Shattered Glass Analysis

Shattered Glass Analysis

The film Shattered Glass presents the ethical issues of fabrication and the deception of the writer, Stephen Glass, to his editor and co-workers. He deliberately sensationalized his stories in order to gain his reader’s attention. His facts were partially, if not completely, inaccurate and he presented notes that he fabricated as facts for each of his pieces at the New Republic. Journalists in the media have a duty to the people to report the truth and follow an ethical code whenever reporting stories.

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If I did not know anything about journalism, I would have to conclude from the film Shattered Glass that the purpose of journalism is to report the truth no matter what even if the story seems boring to you. Also as a fact checker/editor do not let your friendship with a fellow writer cloud your view when editing a piece that they write. Stephen Glass’ fellow co-workers liked him so much, that they did not hesitate to question the solidity of his “notes” he presented each time he turned in a new article.

Unethical journalism does not seem to be prevalent in today’s society. I realize that unethical journalism does occur, but it is generally not tolerated. Stephen Glass was fired after his editor discovered that he had been fabricating stories and Janet Cooke’s career was over after people found out that she completely fabricated her article “Jimmy’s World. ” In the world of journalism I do not believe that being unethical will ever be acceptable.

Most publications always print a retraction or an apology. It is all a matter of whether or not a person gets caught for their unethical behavior or not. If Adam Penenberg, from Forbes Digital would have never asked questions about Stephen Glass’ article “Hacker Heaven,” then it is very unlike the editor Chuck Lane would have found out about Glass’ deception. Glass may have still been writing fabricated articles for the New Republic to this day. The impact of unethical journalism on society is great.

When unethical journalism surfaces to the public, reader’s begin to question the truth of the publication they are reading. In the case of the New Republic, they were lucky that Stephen Glass’ unethical behavior was exposed or else the magazine could have suffered a great deal more than they already did having to admit that most of his articles were fabricated. Unethical journalism as a whole causes society to feel as if they can trust no one, which then leads people to feel as if they need to do their own research in order to obtain the truth.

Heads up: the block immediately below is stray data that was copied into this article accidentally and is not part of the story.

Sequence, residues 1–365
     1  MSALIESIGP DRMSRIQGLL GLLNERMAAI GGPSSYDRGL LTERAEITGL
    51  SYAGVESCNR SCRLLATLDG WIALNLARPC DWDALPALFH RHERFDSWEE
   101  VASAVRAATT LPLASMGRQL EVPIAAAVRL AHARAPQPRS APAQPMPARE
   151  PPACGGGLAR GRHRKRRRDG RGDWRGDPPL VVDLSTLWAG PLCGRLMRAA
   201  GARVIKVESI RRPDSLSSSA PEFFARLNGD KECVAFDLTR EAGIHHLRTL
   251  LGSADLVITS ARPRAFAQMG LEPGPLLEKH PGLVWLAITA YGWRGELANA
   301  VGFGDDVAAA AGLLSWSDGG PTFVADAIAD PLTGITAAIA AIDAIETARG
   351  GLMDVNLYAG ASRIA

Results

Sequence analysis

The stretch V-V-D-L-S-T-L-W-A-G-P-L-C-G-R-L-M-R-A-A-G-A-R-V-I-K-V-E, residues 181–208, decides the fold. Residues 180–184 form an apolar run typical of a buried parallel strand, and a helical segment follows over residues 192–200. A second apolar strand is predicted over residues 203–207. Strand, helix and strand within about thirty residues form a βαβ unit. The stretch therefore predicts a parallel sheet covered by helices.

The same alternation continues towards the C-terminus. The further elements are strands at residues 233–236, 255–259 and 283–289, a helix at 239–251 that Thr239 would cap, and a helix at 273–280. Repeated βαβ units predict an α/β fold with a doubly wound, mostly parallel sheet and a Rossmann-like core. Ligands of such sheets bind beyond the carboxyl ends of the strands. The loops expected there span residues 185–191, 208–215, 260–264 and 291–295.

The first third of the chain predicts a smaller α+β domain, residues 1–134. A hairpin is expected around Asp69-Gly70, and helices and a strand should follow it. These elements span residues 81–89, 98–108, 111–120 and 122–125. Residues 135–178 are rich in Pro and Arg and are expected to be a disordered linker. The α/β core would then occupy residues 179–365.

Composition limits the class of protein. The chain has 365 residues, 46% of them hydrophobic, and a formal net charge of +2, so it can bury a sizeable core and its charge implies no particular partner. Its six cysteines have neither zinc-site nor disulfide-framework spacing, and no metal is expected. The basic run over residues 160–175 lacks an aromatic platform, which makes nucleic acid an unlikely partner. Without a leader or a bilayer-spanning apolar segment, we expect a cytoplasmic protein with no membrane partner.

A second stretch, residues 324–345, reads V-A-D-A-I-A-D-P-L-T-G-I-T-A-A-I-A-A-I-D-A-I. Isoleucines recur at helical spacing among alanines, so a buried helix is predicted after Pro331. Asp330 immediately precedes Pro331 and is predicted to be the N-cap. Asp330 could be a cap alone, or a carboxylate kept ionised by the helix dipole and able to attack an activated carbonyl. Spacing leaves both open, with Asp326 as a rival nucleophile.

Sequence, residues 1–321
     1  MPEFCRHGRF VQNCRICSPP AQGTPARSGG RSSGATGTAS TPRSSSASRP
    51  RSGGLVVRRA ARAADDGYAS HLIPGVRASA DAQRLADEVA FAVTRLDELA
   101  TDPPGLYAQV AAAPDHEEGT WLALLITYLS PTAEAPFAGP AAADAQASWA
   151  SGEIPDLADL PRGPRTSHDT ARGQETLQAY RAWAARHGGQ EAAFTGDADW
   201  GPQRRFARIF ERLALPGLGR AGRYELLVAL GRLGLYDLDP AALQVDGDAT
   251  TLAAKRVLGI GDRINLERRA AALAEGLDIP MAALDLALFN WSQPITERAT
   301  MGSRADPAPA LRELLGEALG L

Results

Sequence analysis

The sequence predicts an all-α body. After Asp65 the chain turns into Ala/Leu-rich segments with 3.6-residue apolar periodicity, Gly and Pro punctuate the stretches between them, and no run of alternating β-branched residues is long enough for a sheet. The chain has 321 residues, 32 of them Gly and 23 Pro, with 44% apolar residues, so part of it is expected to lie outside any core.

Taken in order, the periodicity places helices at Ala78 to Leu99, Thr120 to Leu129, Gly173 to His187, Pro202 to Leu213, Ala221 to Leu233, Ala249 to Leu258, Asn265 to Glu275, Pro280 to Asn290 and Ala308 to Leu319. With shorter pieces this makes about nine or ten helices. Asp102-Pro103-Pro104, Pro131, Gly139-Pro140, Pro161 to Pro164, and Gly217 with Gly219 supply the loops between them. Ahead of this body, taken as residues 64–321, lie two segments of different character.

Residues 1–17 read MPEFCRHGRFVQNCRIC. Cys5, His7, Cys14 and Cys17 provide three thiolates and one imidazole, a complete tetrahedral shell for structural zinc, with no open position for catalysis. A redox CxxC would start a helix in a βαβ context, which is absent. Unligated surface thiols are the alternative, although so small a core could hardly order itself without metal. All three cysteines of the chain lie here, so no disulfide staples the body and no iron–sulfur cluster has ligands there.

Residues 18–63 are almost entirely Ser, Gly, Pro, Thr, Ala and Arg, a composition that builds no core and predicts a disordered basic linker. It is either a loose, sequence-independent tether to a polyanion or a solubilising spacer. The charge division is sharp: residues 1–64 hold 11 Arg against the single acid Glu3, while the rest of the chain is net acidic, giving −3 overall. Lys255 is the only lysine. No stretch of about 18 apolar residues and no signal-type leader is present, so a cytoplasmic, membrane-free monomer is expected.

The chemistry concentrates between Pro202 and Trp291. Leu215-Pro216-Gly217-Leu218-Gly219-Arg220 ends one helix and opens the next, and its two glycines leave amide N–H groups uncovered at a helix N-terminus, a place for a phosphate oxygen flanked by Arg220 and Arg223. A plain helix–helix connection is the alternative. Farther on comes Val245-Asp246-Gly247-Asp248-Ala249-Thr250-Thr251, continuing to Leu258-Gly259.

Falsifying information only further disrupts the trust between the media and society. Sports columnist Mitch Albom from the Detroit Free Press was investigated in April 2005, due to events he reported that did not happen. In his article he described two NBA players in the stands that were not even at the game. The Detroit Free Press disciplined Albom but did not state what type of punishment he would receive.

In 2005, freelance writer Barbara Stewart of the Boston Globe fabricated a story about a Canadian seal hunt. She reported that the story had already happened, when in fact it had been delayed due to weather. She wrote as if she were at the hunt, when in fact she was not even at the site where the seal hunt occurred. Chris Cecil from the Daily Tribune News in Carterville, Georgia, was fired in 2005 when the Miami Herald let the Tribune know that part of Cecil’s columns were taken from a columnist at the Herald.

Eric Slater, a reporter for Los Angeles Times, was fired in 2005 after an article he wrote about a Cal State Fraternity. The story contained inaccuracies, unnamed sources that were not verified, wrongly attributed information and fabrications. In 2005, staff writer Al Levine of The Atlanta Journal-Constitution resigned after plagiarism passages surfaced in two articles he wrote about the Daytona 500 race. The passages he used came from the Daytona Beach News-Journal and the Orlando Sentinel.


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